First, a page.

I don’t know whether Nameshop is motivated by a genuine desire to do good — as so many are during the pandemic crisis — or a sneaky strategy to shame ICANN into giving it its string change. Either way, the plan is pure delusion.

It is difficult for me to answer your question, because that would require a self-proclamation of merit, which by definition is something conferred, not claimed. However, I must seek in some way to dispel the doubts that you have expressed.

As Domain Incite has indicated in previous articles, Nameshop’s original application was for .IDN (more about that later). Although not finalized, the “IDN” moniker included a significant
element of usefulness and some sense of purpose with regard to making the Internet more accessible to all. There was always a sense of doing good. This goal was expanded and clarified in 2012 when the application was changed to .Internet and included Public Interest Commitments (that were ahead of the PIC process).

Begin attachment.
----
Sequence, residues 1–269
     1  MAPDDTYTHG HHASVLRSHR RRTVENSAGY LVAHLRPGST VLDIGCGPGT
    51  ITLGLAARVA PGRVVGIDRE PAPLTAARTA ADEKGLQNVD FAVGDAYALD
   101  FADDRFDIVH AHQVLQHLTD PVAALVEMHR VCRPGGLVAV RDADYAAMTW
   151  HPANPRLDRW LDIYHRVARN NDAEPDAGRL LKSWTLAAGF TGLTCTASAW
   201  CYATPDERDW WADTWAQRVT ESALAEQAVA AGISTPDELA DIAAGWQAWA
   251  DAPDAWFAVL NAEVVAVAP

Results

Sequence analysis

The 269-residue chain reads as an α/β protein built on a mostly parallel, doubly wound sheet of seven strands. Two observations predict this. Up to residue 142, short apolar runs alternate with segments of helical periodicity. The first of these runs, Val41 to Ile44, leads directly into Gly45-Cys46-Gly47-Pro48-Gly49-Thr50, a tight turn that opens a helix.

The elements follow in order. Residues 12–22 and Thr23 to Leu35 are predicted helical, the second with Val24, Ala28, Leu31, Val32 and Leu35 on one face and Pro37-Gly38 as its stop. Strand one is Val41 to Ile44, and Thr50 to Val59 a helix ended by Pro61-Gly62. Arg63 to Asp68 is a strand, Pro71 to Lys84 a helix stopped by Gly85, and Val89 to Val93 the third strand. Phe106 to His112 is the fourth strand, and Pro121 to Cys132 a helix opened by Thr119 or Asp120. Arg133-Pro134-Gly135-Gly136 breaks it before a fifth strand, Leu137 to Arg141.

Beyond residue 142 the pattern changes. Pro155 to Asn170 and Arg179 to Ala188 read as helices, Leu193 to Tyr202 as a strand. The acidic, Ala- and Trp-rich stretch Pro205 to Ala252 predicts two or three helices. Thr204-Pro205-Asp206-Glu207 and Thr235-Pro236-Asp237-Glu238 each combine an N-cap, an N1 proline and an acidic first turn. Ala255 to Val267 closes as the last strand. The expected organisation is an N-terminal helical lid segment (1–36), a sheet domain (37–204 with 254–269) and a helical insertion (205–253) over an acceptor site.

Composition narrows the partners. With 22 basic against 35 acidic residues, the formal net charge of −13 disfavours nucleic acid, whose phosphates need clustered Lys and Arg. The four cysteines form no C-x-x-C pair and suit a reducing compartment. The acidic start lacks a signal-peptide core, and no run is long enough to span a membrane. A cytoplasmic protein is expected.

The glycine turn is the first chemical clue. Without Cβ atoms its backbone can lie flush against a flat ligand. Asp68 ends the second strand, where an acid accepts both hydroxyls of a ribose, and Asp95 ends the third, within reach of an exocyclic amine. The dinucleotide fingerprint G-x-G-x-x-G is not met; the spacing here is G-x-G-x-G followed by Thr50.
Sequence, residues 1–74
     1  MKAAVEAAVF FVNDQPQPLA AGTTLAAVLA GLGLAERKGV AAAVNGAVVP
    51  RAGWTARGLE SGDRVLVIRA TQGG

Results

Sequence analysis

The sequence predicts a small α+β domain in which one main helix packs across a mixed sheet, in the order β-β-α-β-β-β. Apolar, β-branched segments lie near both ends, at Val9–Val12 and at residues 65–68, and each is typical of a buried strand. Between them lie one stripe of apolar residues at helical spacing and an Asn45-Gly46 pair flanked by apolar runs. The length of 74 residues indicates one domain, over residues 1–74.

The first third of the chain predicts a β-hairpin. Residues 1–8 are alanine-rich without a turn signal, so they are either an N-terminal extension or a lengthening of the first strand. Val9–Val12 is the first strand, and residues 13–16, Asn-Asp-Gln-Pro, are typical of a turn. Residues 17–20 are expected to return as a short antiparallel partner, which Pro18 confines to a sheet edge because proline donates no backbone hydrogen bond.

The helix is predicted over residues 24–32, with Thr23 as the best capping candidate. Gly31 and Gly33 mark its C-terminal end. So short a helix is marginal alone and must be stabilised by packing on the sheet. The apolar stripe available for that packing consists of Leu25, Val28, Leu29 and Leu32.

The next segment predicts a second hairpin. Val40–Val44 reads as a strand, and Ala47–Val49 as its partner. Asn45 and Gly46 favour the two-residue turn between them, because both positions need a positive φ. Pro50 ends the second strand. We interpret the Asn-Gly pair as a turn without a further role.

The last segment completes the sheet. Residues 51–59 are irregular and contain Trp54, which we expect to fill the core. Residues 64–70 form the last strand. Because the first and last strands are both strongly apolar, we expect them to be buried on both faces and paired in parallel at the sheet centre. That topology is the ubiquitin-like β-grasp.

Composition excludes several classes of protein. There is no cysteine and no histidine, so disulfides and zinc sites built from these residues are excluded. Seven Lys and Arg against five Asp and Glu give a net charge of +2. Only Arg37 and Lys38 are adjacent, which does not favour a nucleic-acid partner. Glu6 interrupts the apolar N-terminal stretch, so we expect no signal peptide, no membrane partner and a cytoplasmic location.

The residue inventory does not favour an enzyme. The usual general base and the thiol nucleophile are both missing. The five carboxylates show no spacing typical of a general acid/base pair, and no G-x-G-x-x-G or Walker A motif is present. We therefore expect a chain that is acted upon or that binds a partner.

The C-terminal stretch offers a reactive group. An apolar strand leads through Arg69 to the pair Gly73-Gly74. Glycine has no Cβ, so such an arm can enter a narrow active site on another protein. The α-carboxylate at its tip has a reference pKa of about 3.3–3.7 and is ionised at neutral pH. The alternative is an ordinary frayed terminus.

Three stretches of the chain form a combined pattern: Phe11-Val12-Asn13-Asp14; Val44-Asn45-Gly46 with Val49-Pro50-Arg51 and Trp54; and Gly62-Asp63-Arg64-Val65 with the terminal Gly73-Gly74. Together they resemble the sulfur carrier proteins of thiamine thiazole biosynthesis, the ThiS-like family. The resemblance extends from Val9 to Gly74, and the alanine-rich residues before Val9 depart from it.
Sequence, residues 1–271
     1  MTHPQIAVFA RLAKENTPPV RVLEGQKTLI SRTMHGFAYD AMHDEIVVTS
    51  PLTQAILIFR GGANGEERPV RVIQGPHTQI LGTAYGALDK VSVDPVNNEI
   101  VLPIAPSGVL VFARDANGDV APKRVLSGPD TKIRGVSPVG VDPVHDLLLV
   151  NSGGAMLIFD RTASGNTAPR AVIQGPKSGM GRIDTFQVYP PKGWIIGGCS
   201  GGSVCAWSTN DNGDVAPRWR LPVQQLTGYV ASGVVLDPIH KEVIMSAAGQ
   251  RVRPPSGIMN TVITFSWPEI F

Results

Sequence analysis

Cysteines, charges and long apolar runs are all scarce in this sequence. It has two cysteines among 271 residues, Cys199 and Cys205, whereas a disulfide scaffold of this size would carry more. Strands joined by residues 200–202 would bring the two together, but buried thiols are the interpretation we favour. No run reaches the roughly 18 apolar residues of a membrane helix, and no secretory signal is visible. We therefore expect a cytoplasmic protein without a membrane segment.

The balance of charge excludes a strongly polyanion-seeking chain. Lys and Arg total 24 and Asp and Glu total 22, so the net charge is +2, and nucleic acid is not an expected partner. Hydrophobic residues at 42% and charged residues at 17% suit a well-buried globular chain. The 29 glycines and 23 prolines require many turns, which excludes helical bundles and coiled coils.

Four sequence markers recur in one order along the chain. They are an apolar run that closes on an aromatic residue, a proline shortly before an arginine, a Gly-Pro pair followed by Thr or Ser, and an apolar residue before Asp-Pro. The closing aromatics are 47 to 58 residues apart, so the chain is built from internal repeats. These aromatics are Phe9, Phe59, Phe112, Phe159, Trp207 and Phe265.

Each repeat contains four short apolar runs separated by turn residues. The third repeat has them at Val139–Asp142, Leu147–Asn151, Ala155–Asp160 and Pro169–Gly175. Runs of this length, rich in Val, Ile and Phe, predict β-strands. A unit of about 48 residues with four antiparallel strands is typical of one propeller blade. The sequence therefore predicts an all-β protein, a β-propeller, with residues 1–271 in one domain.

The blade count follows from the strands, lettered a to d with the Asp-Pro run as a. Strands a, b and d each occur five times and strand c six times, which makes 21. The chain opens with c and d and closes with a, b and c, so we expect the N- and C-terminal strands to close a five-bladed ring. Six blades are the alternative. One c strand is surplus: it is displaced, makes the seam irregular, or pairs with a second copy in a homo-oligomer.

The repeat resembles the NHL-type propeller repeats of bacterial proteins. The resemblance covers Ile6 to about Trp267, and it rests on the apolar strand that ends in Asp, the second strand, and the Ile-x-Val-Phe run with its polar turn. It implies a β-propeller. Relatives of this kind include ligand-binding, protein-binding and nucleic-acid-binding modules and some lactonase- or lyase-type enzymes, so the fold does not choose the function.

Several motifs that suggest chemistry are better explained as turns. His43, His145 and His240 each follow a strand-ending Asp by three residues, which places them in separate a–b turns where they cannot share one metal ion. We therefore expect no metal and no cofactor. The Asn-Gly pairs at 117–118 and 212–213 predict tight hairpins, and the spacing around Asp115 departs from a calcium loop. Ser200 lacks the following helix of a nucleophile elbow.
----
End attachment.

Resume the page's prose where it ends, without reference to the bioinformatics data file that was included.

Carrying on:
The inspiration for the original good and the idea to serve the Covid-fighting community is derived directly from my interactions with several good men and women who live purposeful
lives unseen and unknown, some of whom are involved in the Internet Governance processes.

A “sneaky strategy” would be the last thing to move them.

At this time of the COVID pandemic, some readings that came my way and my consultations encouraged the idea of a good deed to defer the business aspects of the .Internet application
and offer to utilise the TLD space with a near total focus on being of use in managing the crisis and to further use the TLD space for collaboration on renewal, with ample involvement from the ICANN Community. This is what Nameshop has offered. There is no delusion here.